However, for Lehman students who work, the effects of this increase have been mixed in the first three months of the year. The disparate outcomes have been seen as a blessing for some and misfortune for other employees and employers this fiscal quarter.  

“As a student assistant worker at the Counseling Center on campus, I have experienced a noticeable increase on my weekly income statement thus far,” said Lehman senior Daisy Flores, a diet and nutrition major. However, Flores observed that many of her coworkers were laid off. “Two-thirds of our staff at the center consists of unpaid interns. I gained more hours and more work while fellow co-workers got phased out as more unpaid interns came in. They worked 9 to 5 p.m. replacing phased out co-workers’ hours.”

“I gained more hours and more work while fellow co-workers got phased out as more unpaid interns came in.” 

- Daisy Flores, Lehman senior and diet and nutrition major

With this raise, New York City joins several cities on the West Coast where the minimum wage has already hit $15, including San Francisco and Seattle. California’s minimum wage, which rises to $12 an hour for larger employers on Jan. 1, is expected to rise to $15 over the next few years.  

Sonn cited recent decisions by national retailers like Target and Amazon to raise their wages to $15 an hour. The country is now a patchwork quilt of wages, with some states still operating under the federal minimum of $7.25 an hour. Connecticut’s minimum wage is $10.10. In New Jersey, it is $8.85, though the state’s Democratic governor and Legislature, which is also controlled by Democrats, want to raise it to $15.  

Economists linked higher wages to better physical and mental health and reduced decision fatigue, which results in increased productivity, as reported by The Education & Labor Committee. Higher wages reduce turnover, recruiting and training cost for employers. For hourly workers in New York City who are not laid off, the increase can make a big difference. 

Rosa Rivera earned just $5.15 an hour and relied on government assistance to pay her rent when she started working at a McDonald’s in Manhattan 18 years ago. Now, 53 and a veteran of several rallies for better wages, Rivera’s eyes teared up as she spoke about attaining one of the main goals the workers had set.

“When I get my first check with $15, I’m going to be so happy,” said Rivera, an immigrant from El Salvador with three children. She said she was proud to pay her rent and help support her grandchildren without federal benefits.

As Demand Grows, Lehman’s Supply of Parking Spaces Gets Scarcer

By Deanna Garcia

An overlook of the Lehman parking lot from the Science Building. Photo by Deanna Garcia.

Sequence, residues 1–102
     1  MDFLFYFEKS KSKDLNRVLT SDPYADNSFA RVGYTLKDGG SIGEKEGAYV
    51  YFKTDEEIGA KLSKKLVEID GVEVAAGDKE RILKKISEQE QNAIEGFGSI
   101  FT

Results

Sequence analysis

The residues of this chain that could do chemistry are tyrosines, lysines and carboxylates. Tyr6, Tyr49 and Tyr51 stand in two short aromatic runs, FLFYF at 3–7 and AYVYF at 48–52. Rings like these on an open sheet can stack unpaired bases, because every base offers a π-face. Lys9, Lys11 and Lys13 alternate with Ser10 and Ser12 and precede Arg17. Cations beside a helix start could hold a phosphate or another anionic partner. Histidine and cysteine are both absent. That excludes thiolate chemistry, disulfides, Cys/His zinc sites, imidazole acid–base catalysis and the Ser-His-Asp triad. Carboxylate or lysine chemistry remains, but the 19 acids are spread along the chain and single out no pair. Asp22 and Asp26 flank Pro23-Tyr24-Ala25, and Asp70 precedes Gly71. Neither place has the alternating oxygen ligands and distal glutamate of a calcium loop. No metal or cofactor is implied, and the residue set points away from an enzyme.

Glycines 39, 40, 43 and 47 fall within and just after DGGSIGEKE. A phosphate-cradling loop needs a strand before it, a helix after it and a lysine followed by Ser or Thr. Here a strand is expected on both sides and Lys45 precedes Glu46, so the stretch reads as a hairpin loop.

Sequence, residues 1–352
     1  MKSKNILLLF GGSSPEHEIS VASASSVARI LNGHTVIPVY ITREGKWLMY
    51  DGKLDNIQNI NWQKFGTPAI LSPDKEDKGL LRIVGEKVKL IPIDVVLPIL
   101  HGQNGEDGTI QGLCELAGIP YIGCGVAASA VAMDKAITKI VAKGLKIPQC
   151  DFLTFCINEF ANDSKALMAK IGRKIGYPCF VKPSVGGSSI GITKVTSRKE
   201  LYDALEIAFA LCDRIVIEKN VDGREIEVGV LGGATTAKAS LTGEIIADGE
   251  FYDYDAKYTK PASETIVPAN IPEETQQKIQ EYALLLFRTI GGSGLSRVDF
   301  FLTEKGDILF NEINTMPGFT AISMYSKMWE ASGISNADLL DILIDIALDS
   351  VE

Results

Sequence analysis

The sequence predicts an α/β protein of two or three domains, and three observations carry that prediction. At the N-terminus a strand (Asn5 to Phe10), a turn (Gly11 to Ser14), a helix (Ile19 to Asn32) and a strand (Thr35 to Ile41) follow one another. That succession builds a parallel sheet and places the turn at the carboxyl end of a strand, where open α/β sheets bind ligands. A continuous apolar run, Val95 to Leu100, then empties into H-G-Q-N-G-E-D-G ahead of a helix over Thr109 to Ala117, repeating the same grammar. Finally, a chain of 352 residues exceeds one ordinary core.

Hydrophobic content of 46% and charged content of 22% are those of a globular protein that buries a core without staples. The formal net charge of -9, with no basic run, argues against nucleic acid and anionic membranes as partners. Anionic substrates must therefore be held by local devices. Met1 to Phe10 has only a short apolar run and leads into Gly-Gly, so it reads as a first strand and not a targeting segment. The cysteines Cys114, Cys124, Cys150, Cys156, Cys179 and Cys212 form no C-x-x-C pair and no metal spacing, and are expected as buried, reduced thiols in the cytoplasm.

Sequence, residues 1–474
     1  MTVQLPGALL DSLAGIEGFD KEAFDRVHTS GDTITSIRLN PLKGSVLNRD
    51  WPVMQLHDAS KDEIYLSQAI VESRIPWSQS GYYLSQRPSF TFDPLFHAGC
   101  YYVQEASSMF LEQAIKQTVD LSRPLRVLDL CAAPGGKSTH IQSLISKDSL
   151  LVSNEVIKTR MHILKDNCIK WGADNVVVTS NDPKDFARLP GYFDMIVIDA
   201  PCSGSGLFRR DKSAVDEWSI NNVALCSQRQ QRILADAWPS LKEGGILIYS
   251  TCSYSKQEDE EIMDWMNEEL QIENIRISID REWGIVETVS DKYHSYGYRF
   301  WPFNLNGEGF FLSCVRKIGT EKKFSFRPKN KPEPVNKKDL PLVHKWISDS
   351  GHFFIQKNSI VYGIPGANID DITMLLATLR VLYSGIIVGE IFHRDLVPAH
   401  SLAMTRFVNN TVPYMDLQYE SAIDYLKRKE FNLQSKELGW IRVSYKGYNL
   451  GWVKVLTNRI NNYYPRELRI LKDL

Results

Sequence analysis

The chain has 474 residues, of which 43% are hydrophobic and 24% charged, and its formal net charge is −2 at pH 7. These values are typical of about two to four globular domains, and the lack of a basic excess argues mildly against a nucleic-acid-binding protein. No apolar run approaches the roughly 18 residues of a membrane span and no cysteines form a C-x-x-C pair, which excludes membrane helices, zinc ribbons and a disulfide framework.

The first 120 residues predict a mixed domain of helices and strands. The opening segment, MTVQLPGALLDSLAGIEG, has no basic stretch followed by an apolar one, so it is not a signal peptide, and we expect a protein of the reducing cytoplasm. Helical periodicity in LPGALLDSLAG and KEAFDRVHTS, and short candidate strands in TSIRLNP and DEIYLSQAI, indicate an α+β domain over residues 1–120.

Over the last five years, Lehman’s enrollment has increased from 12,398 to the current total of 14,787 students, according to its Department of Institutional Advancement, and yet the college’s parking lot remains the same inadequate size. 

Divided into north and south sections, the lot has 866 total spots, including 17 handicap and 14 reserved. Andrea Pinnock, director of Auxiliary Services, reported that 1,708 parking permits were distributed to students this semester. “Both the student and regular faculty/staff parking lots are oversold since there are no assigned spaces and parking is available on a first-come, first-served basis,” Pinnock said. “This methodology has been used for many years and allows the college to offer parking to more students.” 

According to Dawn Burgos, director of Campus Activities, there are currently 200 students on the waitlist for the next available parking permit. To obtain a spot for the whole semester, students must have either paid their tuition in full or have a payment plan. Burgos explained that students have to pay the full rate of $75 for daytime parking or $55 for evening parking, which can be done upfront or online. 

“The day permit covers a full day every week, while the evening permit only covers 5:15 p.m.,” Burgos added. “We’re trying to accommodate more people by adding a day and evening feature. If people come in late, we’re able to provide more spaces for those students.” She explained that after 5:15 p.m., when most staff and faculty members leave, students are allowed to park in the faculty parking lot. 

Some Lehmanites, however, feel that there should be more spots available for everyone. 

“There are times, like after 10 o’clock or after certain hours, when it’s harder to find a spot,” said Jen Begeal, new media manager at BronxNet. “Sometimes I just have to wait for somebody to leave.”

Latrica Burton, a junior producer at BronxNet, is relieved to know that there is parking near her job. Before she started parking in the south lot, Burton used to park her car on the street, which was difficult at times. “It used to be tedious to run out during a show to put more money in the meter,” she said. “After I got a ticket, I made it my mission to get a parking pass.” 

“It’s such a lifesaver,” said Wayne Townsend, a Lehman senior and journalism major. “There’s always a spot.” He also observed of Campus Activities, “The permit people are the most efficient at Lehman.” 

On the other hand, senior Jasmine Ayala feels that there is a lack of information on how to obtain a permit. “This sometimes causes people to go back and forth without clear information of what has to be done.” 

Townsend and Ayala both agreed that the parking lot is worth the cost compared to using the meters around campus. “After a while, the meter prices add up,” said Townsend. 

Some students, however, prefer to find spots around campus, as opposed to in Lehman’s parking lot. “It’s easier to find spots if you know what days and times you can park in certain areas,” said senior Shanese Mullins, a 28-year-old journalism major. “I don’t think that I should have to pay for parking when I already pay for tuition.”